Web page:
The history of wine storage and cellaring began quite a while after that of wine. Wine was originally made for local and for almost immediate consumption; therefore there was no drastic need for cellaring. This all changed when early winemakers were approached by merchants who wanted to export their wine. Most wine was stored in amphorae, the first wine containers made of terracotta with two handles which were easy to stack on a ships’ hold, but this meant that the wine was subject to careless treatment. At the time, little was known that wine was heavily affected by storage conditions. If wine was stored in suitable conditions it was often by accident. For example, in London the sea air and humidity along the river Thames kept the imported wines stocked along its quays from spoiling.
Before this, the Romans stored their wine in fumantorires, smoke filled rooms next to or above the kitchens. The smoke preserved the wine but the heat ruined it. The richer of the Romans had the luxury of dedicating a whole room, cella vinaria, to the conservation of wines but they were still on the ground floor and were subject to the fluctuations in humidity and temperature thus affecting the wine still.
Being so advanced in the domain of wine leaves us confused as to why the Romans did not evolve the concept of storing wine. However as the Roman Empire demised so did the Roman Villa era and therefore the makeshift wine cellar rooms that were located in them.
Cellars were always built but were more than likely intended for other uses such as hideouts and repositories for stocks of grains and vegetables. Wine cellars were limited to wealthy wine producers and merchants. Extensive cellars in the ruins of wine producing estates have been discovered in places such as Gaul, Pompeii and part of Spain. These cellars demonstrate that the concept of wine storage was still not fully understood.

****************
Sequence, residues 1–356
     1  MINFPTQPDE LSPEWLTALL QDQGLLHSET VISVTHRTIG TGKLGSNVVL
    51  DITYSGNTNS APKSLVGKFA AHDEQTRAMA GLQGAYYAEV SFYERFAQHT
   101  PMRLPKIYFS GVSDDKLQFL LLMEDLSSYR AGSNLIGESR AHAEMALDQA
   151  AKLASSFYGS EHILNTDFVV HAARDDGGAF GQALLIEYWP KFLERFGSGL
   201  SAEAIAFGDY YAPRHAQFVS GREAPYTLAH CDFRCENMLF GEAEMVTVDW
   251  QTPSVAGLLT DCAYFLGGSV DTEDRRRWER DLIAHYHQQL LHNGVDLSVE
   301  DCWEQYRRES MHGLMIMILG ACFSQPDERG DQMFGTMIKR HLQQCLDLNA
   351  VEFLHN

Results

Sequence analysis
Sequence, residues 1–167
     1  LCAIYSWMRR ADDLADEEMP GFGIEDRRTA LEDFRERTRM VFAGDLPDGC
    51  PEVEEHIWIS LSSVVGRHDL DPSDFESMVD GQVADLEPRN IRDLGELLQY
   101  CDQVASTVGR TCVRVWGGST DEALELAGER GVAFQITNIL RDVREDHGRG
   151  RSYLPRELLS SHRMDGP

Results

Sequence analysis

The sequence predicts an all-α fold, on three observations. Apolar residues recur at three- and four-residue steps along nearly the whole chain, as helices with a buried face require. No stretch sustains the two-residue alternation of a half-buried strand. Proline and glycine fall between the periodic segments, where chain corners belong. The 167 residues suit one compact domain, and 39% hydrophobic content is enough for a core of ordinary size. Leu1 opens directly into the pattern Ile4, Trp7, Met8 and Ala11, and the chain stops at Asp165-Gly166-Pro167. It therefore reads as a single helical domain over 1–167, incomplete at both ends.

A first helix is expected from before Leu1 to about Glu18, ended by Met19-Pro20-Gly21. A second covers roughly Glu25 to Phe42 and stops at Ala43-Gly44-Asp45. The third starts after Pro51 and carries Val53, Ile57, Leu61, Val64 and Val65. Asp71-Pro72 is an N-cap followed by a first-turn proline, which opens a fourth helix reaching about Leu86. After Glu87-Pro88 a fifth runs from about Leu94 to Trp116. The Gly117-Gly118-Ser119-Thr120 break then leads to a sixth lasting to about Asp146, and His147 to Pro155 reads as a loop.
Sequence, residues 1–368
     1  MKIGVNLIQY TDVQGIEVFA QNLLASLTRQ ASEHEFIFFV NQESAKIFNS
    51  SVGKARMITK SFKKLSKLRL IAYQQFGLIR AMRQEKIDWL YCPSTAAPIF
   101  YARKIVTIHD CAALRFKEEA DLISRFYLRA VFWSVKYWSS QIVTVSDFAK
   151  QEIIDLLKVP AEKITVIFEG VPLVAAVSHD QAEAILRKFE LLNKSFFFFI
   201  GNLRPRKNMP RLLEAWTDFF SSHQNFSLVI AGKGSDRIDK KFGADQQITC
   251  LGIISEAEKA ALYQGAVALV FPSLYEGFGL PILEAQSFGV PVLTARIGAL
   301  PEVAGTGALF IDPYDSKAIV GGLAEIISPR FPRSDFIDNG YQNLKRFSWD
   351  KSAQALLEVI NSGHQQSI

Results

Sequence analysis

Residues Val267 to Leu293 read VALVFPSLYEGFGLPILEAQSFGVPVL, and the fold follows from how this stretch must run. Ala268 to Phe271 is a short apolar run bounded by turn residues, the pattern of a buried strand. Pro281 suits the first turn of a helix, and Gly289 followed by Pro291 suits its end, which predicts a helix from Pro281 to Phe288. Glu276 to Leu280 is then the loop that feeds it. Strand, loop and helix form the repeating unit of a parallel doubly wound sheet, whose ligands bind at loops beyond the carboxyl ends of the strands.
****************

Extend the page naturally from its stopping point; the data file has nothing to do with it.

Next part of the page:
The concept of a wine cave or a cool cellar is very modern and is also a product of circumstance. The construction of cellars did not commence until stone became the principal building material. Architectural obligations meant that each house was built on an arch which provided the needed support of the earth in order to minimise the impact of shifts in the ground. This, coincidentally, created the ideal environment for conserving wine beneath the earth’s surface. Digging only 10m into the ground provides constant temperatures of 12°C with no seasonal variations.
Although thermostatic temperature control has now become possible, storing wine in the ground has remained the best solution for storing and maintaining wine. The lack of vibrations, aromas, and fluctuations in humidity and temperature mean that the wine can rest undisturbed until selected.